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superpig

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Perception are working on a Stargate SG-1 game. I heard about this some time ago - apparently they and JoWood managed to win the license from MGM. I'm a little concerned, primarily because I too have a design for an SG1 game in my portfolio and now probably have no chance to make it... but also because of something I read in an interview with Perception's top man Ben Lenzo:

Quote:

HomeLAN: What playable characters will be in the Stargate SG-1 game?

Ben Lenzo: You'll be able to play as any one of your favourite SG-1 characters, dependant on the mission.


That's something that ate away at the back of my mind for quite a while, and this evening while walking home it clicked as to why.

One of the great things about SG1 is the dynamic between the central characters. Each one is, after eight seasons, very well established and well characterised. I imagine that the script sessions must be pretty easy - they write themselves.

That is why allowing the player to take on the role of any of those central characters will not work. It breaks the character dynamic. If you're playing as O'Neill, say - suddenly (unless they've done something very unusual with the gameplay), no more quips, no tensions between him and Carter, no more seat-of-the-pants socialising with alien races. Chances are the player either can't interact in that way at all, or anything that does happen is scripted. So either you break the character and character dynamics, or you break the immersion. It's lose-lose.

It's far from being the only licensed game to suffer from this dilemma. I tend to avoid that genre purely on the given ratio of good to bad games present, but I'm sure you can think of games, though they've licensed a bad-ass character, don't manage to make him bad-ass in the game.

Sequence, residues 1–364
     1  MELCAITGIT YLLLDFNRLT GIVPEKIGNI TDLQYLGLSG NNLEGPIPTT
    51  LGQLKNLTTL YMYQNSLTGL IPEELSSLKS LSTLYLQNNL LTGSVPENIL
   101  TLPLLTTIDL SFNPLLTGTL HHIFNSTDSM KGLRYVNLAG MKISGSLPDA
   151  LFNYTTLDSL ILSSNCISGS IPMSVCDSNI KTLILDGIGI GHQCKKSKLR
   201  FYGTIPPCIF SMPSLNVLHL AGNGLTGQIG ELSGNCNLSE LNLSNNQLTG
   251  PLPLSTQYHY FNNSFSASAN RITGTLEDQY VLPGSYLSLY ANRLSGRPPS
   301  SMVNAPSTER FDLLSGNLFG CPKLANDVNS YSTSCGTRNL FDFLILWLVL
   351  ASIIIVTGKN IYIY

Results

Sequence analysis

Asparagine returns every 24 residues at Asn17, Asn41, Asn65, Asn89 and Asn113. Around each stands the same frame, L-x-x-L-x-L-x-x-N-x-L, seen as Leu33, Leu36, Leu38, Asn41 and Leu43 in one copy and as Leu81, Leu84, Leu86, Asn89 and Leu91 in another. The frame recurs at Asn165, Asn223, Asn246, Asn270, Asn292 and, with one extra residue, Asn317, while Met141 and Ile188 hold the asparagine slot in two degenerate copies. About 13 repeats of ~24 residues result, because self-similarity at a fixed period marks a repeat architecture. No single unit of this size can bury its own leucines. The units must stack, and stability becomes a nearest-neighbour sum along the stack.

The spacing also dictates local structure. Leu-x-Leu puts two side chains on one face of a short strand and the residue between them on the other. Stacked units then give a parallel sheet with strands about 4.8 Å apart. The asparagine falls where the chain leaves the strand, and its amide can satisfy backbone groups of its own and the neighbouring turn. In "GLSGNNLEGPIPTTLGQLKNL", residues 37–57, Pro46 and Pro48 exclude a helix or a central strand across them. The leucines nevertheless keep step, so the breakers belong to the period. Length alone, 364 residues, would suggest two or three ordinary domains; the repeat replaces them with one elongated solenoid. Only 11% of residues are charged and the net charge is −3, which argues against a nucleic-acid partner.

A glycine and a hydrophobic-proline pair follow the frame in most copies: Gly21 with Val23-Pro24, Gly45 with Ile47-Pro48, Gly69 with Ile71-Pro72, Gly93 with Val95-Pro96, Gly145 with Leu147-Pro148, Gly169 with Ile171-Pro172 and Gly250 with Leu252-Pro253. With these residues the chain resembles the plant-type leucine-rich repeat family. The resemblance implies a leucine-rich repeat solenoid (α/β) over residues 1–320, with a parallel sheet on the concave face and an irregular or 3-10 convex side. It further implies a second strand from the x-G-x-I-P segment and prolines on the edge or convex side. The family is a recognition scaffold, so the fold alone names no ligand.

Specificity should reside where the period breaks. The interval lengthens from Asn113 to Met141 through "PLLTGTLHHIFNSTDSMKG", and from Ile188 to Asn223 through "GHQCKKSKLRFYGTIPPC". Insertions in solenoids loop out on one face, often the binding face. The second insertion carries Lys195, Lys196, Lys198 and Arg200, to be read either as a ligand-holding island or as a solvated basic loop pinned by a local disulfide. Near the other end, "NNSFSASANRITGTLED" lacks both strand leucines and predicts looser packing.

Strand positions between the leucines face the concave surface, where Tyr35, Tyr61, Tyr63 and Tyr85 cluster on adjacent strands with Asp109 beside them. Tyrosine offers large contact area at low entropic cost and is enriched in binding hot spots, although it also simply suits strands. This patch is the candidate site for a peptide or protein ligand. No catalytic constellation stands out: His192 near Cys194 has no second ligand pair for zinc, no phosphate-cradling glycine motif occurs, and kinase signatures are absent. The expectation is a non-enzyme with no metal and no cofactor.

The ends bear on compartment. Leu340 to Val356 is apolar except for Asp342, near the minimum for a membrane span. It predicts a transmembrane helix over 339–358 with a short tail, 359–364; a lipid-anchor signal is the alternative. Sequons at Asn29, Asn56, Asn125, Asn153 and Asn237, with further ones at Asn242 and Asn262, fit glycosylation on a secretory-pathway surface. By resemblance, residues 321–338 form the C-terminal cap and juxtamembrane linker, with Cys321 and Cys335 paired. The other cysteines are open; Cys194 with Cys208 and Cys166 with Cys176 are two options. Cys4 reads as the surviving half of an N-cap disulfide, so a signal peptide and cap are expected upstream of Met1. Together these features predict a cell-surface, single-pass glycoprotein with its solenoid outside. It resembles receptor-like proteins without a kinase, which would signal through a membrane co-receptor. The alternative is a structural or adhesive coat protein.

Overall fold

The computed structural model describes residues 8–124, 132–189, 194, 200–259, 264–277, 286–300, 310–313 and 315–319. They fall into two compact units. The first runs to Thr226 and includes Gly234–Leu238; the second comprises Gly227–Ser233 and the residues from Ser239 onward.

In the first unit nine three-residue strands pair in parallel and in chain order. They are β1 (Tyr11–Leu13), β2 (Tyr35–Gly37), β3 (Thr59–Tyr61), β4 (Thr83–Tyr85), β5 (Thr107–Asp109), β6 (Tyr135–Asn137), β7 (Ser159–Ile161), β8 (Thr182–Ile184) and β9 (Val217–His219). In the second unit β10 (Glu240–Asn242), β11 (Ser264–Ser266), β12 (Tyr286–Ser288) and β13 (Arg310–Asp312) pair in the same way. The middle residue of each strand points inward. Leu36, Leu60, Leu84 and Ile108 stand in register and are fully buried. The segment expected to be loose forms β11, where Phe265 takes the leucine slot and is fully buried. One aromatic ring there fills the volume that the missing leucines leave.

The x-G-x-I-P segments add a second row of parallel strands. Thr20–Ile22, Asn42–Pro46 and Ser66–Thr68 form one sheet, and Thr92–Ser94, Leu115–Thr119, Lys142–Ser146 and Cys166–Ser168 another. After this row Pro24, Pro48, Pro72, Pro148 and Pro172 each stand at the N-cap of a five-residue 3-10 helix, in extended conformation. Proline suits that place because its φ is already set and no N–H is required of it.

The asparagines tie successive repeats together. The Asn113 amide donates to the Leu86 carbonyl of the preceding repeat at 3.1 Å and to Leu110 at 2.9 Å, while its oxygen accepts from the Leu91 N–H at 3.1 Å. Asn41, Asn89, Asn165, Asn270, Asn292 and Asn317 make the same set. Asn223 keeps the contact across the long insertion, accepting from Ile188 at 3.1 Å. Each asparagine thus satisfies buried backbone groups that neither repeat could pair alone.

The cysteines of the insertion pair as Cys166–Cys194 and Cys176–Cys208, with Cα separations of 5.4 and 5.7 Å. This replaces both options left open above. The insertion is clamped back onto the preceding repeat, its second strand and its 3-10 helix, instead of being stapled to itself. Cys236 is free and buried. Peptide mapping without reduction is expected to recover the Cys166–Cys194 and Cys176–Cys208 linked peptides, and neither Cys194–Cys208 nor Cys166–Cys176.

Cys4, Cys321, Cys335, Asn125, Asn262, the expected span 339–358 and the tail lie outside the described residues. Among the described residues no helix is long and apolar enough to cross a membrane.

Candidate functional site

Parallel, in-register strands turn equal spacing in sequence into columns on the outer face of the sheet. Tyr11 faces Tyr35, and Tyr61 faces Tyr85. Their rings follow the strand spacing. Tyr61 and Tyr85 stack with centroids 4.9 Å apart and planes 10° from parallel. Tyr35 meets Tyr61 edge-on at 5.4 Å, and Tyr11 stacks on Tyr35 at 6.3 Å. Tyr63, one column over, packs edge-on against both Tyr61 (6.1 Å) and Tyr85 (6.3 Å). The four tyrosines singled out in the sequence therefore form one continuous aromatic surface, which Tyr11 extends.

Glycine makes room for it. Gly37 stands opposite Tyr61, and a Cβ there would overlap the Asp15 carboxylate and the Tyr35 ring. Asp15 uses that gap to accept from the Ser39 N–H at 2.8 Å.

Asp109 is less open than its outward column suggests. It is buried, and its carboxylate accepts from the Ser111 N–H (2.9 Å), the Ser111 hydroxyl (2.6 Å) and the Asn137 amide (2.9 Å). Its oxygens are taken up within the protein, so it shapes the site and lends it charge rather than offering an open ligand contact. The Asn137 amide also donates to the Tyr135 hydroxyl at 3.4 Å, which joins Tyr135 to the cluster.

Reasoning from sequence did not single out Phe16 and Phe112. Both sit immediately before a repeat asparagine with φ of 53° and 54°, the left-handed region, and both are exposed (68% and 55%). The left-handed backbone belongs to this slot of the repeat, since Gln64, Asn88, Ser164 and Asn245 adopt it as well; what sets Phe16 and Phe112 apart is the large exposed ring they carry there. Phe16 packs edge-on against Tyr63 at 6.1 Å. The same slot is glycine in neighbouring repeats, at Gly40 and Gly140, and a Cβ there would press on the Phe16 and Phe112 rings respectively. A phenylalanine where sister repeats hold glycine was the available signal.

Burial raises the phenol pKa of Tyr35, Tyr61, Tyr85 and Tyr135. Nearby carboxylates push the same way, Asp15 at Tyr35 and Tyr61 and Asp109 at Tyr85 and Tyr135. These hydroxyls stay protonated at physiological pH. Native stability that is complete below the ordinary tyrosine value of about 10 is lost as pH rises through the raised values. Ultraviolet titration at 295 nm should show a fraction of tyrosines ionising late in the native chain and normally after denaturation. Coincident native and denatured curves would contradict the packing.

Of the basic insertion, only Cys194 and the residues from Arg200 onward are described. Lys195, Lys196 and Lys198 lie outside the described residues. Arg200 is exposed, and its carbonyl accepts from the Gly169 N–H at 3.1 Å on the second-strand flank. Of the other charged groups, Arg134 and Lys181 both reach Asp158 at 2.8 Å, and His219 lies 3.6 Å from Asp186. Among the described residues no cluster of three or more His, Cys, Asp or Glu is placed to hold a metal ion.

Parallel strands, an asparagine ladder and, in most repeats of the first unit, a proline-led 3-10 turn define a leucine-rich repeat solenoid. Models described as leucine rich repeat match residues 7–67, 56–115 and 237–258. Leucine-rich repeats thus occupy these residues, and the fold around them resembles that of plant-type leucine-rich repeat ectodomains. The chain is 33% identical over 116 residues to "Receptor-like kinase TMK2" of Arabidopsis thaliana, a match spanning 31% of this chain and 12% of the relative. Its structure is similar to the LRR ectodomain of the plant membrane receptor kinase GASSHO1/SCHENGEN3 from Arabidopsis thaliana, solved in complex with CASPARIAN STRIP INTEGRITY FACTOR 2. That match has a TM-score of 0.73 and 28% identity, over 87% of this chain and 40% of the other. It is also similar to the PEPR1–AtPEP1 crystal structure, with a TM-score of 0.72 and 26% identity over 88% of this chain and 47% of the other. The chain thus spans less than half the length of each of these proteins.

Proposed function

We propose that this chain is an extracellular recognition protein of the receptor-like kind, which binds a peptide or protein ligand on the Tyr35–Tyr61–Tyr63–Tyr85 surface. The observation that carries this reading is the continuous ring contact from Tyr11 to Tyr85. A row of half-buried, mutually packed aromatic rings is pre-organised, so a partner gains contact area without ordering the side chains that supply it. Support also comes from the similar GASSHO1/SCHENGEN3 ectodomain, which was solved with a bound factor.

Consider the small children. When they've been dreaming about superheroes, they don't usually tell you that they dreamt they were Superman or something - more usually, that they could fly too and they flew around the city helping him fight crime. See, that's what I reckon the problem is - we don't want to be those bad-ass characters, we want to hang out with them. It's one thing to be controlling Jack O'Neill, but quite another to be so cool yourself that even Jack O'Neill (Jack frickin' O'Neill, dude!) respects and relies on you.

So that's where I think licensed games should be trying to go. Add the player to the world of the movie, without displacing the central character at the same time.

For the curious, my SG1 game saw you starting out as an Airman on one of the higher-numbered SG teams (SG 25 or something). It featured randomly generated missions and a free roaming system, somewhat like GTA (though in my game you'd be more likely to get shot or arrested if you didn't haul ass and follow orders). You'd be able to wander off in the middle of a mission to go looking for alien technology, if you wanted, though your team leader might not be too happy with you when you got back. The SG1 characters themselves would have appeared occasionally, walking around the base or possibly on missions (for example, you might be assigned to escort Daniel Jackson to a Tokra treaty negotation). And I didn't refer to the game as an SG-1 game; the working title was (and still is) Stargate SGC.
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I think I remember you talking about this Stargate SGC concept before, but I can't be sure.

I agree with you as well. If I were to play an SG-1 game, I think it would be cooler to play with the other SG-1 members rather than as one of the SG-1 members. I think the best idea would be to make you the new 4th member of the SG-1 team, and to get your mission briefings from Jack. That would put me in the SG-1 universe totally and completely. Plus it would make missions a lot more interesting to be able to watch the other SG-1 members banter just like they do on the show.

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Indeed. Though there's another risk there, one I didn't mention - the more you expose people to those characters, the more work you'll have to do to keep them in character - more voice assets, more scripting, more writing... if they don't appear very often, it's that much easier to make them convincing when they do appear.

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